What we hope will be said in 20 years…..

Over the past few months I have become particularly fond of the community group in Pablo L Sidar (or PLS for short), a community of about 7,000 people on the leeward side of the Sierra Madre mountains in southern Chiapas.  The group consists of 20 families, 5 of which come from another small village about an hour`s walk from PLS.  Several characteristics (or norms) of the group impress me…one is definitely thier committment to monthly meetings – our time together has that flavour of “quality time” that is evident when people have been intentional in planning both agenda and logistics.  The group is also a wonderful example of progressive social development; with Catholics, Baptists, Pentecostals and Presbyterians all coming together, under the banner of Christ and his call to love our neighbour, to strive for healtheir families and community relationships, and a life in closer communion with the gifts of creation.  Personally I can say I feel well “adopted” here, and can easily wander about getting to know others in the community (I have begun playing basketball there in the evenings when I am around).

A few months ago, my colleague and I did a short presentation on the various facets of “reforestation” (many campesinos think it means that government agencies simply want to plant-over your cornfields with trees).  The follwing month when we visited PLS the group had decided its community had some issues/opportunities for a reforestation project – in particular to reforest the area around a local primary well to give more shade and improve water quality.  After presenting their ideas to the local comisario (town council), an agreement was established that the comisario would put funds and labour in to erect a fence around the water source, while the community group would be in charge of the design and labour in planting the trees.  The trees were donated through a state government program, along with other trees donated by one of the community group members who propagates all kinds of seedlings.  In all there were about 230 trees to plant throughout an area approximately 1 hectare. Once all the trees arrived the group notified me and we made plans for a date at the end of July.  It was a wonderful experience joining the group in their furtherance of community leadership and vision.  My mostly-office-hands enjoyed the pain of blisters through that day….and I never downed my pozol (a refreshing corn drink) so fast.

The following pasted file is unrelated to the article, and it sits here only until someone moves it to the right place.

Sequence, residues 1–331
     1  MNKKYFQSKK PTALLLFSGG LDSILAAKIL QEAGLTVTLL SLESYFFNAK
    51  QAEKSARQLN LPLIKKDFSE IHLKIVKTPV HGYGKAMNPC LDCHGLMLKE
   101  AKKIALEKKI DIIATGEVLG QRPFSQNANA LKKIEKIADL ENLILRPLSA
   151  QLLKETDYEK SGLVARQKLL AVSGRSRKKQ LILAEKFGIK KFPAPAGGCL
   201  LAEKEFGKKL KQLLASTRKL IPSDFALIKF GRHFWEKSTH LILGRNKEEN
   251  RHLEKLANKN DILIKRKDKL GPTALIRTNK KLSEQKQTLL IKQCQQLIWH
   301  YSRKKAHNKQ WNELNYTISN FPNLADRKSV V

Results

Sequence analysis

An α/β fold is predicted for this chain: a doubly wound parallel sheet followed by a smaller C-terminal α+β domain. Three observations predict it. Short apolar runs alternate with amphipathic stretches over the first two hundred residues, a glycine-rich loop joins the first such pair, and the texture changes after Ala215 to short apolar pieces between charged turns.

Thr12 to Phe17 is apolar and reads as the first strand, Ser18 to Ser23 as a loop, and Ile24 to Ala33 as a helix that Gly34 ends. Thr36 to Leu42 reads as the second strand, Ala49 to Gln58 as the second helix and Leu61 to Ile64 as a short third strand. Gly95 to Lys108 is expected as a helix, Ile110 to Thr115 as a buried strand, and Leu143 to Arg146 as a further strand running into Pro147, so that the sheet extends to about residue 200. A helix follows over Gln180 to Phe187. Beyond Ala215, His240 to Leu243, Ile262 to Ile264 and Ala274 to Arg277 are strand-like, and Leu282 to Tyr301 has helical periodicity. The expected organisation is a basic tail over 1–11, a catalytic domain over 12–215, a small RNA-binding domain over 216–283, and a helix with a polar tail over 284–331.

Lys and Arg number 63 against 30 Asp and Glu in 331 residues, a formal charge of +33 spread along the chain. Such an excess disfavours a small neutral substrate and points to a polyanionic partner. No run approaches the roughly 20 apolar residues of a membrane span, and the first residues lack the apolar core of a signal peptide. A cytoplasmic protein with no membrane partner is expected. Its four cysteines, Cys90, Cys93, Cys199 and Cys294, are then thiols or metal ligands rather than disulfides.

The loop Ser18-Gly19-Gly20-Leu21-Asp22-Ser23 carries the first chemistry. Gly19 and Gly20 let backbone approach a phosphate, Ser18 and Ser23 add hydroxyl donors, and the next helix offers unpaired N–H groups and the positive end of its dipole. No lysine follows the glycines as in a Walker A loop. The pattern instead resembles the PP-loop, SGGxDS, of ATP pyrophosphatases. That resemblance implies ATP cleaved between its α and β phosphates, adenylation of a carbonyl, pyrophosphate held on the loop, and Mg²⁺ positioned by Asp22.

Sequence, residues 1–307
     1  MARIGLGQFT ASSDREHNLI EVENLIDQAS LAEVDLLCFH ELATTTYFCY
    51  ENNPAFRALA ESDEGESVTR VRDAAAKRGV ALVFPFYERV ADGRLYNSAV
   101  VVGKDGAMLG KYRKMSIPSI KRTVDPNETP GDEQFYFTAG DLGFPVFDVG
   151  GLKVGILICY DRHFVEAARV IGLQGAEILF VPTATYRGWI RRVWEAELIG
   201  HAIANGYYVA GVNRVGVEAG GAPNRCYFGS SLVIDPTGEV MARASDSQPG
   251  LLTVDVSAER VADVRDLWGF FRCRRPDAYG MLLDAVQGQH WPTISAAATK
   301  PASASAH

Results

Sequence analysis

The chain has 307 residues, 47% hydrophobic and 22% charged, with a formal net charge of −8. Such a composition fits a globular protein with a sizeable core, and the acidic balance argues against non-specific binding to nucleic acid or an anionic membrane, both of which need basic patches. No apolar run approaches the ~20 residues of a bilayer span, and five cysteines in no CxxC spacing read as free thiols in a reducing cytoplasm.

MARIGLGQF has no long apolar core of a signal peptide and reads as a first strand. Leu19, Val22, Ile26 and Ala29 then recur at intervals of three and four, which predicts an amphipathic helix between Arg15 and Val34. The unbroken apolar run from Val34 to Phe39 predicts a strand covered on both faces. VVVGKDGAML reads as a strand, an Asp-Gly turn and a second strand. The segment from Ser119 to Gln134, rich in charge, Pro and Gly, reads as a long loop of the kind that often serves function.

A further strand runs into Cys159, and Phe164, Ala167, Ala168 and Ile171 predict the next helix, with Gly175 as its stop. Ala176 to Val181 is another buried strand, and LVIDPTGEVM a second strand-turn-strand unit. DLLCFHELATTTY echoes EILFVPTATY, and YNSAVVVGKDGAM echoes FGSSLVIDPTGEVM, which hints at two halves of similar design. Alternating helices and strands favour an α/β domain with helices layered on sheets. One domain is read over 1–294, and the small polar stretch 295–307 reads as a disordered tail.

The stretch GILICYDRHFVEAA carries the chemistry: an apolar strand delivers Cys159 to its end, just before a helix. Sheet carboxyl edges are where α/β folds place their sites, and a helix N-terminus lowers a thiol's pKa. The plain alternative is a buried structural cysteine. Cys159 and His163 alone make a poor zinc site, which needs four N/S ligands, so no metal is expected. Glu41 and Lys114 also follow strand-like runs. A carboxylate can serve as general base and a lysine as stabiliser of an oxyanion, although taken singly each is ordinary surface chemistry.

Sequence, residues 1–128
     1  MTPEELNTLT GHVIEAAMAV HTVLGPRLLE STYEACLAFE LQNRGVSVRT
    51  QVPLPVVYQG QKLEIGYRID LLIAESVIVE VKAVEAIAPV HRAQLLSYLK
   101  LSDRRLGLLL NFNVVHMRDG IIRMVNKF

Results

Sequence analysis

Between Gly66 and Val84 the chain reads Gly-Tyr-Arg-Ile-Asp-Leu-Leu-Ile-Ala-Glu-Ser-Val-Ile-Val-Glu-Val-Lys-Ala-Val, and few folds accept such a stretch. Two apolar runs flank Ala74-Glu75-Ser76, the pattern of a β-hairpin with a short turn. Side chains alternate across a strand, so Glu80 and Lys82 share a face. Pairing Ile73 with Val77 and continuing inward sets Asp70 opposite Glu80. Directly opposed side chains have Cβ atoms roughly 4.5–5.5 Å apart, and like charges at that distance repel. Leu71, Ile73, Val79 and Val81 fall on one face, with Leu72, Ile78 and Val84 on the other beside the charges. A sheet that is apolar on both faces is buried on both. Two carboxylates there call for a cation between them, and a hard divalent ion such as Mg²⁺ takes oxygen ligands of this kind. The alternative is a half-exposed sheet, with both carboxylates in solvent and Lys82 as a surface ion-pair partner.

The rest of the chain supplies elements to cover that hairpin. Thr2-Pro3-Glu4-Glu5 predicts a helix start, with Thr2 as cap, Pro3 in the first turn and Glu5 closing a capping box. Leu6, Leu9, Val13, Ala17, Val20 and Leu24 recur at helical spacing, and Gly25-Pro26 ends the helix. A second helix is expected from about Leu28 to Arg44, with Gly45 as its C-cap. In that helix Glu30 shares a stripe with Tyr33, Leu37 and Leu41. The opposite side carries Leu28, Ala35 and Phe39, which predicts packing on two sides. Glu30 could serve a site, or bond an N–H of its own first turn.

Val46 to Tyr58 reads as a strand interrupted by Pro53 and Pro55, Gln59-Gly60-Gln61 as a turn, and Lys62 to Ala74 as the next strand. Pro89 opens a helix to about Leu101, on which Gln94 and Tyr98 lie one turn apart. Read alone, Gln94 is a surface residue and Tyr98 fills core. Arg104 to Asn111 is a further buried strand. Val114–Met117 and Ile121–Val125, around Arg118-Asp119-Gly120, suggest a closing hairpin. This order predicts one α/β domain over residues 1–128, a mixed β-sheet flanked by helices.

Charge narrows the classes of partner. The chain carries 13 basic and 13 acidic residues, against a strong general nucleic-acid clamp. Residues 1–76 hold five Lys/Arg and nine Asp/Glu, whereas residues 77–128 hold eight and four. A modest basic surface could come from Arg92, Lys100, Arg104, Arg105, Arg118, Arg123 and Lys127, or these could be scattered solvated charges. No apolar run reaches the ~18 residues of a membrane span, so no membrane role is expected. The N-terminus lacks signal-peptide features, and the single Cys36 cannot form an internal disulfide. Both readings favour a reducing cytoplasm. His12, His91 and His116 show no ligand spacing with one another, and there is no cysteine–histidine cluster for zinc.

Eloina Espinoza Cruz holding the "Primaveral" seedlings that will one day provide shade and protection to the water well

Primary water well and fenced area at Pablo L Sidar







Jorge Morales showing one of 20 2-yr old guaya seedlings that were planted

Isaias Roblero de Leon and Juan Wanerjas Gonzalez Galvez enjoying the walk back into town










As we were resting in the shade after completing the work, I asked the group if they could respond to a couple of questions I had been thinking about, which were…1) what did folks in PLS say 3 years ago about your group, and what do they say now?, and 2) how do YOU feel about the work of your group?  I listened and tried to absorb and understand all I could for the next 45 minutes…I was disappointed I had not brought a recorder in order to better capture their thoughts and emotions. In a nutshell here, while their still are naysayers in the community, many including the comisario have taken notice of what this group is doing.  Another common response was that the new generation of landowners and farmers are very complicit to apply a heavy agro-industrial approach in their method of production.  My comment on this……while yields can be very good (meaning cash), planting corn year after year with high chemical inputs takes its toll on land quality.

It was very clear to me through this group conversation that their development and capacity to create change is an important process that MCC strives to support. They have become advocates in their community, even in their region (they are also helping to replicate a similar community group in a town nearby)…..advocates for a cleaner, healthier, more peaceful and less-divided community.  My hope and prayer is that in 20 years many in this town will speak of the impact that this group made over the years, in terms of how land is managed, and how a deeper level of understanding and peace was reached amongst the various Christian confessions in Pablo L Sidar.


While their presence is more rare these days, the Ceiba tree, standing tall and elegant, still holds much cultural significance.


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